Defense #1: Be Proactive
So far in this blog series, we haven’t gone into depth about one of the finer defensive arts that security teams should practice: Threat intelligence. Threat intelligence is information about the latest adversaries, tactics and techniques, indicators of compromise (IOC), disclosed vulnerabilities, vector-specific targets, and really any data source that helps you focus on the newest threats (real or potential) observed.
You may ask how this relates to the Device Restart/Shutdown technique defensive posture. Let’s walk through this example from Industroyer and the 2016 attack on Ukraine’s critical infrastructure. In December of that year, the Industroyer malware was employed to disrupt power to the Ukrainian power grid. The modular malware used in this attack included an exploit for CVE-2015-5374 which, when successful, would cause a denial of service.
ICS-CERT issued an alert in July 2015 for this vulnerability — that was seventeen months before the attack on the Ukrainian power grid. If the operators of the Ukrainian power grid had been monitoring threat intelligence from ICS-CERT, they could have taken steps to mitigate the vulnerability in their ICS environment prior to the attack, thus neutering this exploit. Further, the intelligence from blogs written after the attack on the Ukrainian power grid can provide ‘lessons learned’ to help provide improved defensive measures against future attacks.
In a recent example, Cisco TALOS released a blog outlining several newly-disclosed, serious vulnerabilities in a vendor’s automation software and the vendor’s controllers themselves. Your threat intelligence efforts will have certainly picked that up, right?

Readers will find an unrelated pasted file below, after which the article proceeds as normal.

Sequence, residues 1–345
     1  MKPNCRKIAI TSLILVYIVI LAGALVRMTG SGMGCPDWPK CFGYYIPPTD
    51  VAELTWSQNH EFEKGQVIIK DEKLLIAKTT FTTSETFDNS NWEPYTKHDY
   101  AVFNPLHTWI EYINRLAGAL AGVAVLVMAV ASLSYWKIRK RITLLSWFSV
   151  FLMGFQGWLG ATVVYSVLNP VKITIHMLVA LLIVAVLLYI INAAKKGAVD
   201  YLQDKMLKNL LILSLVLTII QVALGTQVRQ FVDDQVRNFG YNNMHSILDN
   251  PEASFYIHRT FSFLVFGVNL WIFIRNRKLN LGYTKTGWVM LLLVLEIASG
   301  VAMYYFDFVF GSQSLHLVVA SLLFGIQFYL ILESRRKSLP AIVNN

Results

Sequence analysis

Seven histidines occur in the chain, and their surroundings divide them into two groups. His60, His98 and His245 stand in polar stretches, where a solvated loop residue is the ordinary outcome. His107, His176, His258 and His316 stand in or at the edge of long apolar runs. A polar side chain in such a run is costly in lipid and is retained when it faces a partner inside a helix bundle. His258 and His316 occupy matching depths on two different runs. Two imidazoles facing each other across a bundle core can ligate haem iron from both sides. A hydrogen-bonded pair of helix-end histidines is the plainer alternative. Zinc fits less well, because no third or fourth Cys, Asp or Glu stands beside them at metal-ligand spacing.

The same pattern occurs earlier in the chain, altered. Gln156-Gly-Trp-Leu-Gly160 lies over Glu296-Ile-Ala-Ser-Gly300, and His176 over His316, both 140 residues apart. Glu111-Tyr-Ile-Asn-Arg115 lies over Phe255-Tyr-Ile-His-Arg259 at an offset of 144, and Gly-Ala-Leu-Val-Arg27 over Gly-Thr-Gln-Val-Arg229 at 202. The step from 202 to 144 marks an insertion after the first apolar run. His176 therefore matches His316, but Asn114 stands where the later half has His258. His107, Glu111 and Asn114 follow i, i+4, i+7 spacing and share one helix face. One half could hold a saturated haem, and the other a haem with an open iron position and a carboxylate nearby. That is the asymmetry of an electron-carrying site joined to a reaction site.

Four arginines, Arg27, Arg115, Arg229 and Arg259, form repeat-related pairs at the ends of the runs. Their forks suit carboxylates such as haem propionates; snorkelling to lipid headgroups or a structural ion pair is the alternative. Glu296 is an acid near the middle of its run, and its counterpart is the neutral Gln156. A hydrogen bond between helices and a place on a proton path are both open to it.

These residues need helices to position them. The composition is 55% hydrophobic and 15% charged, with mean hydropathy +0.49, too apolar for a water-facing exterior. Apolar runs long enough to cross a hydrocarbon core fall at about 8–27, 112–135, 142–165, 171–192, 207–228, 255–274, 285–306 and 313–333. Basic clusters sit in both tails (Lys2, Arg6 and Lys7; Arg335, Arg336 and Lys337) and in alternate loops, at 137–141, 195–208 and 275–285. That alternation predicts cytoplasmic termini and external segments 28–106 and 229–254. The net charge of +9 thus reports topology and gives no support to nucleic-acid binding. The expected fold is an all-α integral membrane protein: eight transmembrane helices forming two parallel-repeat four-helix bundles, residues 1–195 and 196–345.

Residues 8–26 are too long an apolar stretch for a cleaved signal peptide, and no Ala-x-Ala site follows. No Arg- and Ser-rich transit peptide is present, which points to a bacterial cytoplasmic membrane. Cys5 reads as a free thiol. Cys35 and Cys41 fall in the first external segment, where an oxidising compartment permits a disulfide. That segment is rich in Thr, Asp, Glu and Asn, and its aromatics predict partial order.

Before we go too far into this topic, it’s good to make sure that you keep focus on the overarching point: Be proactive in looking for data on threats that may affect your environment. Not every option we go through may work with your current workflows, tools, or methodologies, but don’t lose sight that you should be active in gathering this data. Further, don’t assume that this process isn’t worth it, or that this information will just ‘bubble-up’ naturally.
Consider that SANS reported just under half of their cyber threat intelligence (CTI) 2020 survey respondents have a team dedicated to cyber threat intelligence. Thankfully, this number is up over previous surveys and shows a growing focus in gathering and using threat intelligence.
There are many sources of threat intelligence including vendor-supplied intelligence, peer-to-peer, and free public domain resources (OSINT)—which of course includes the MITRE ATT&CK techniques themselves. Let’s look at each of these: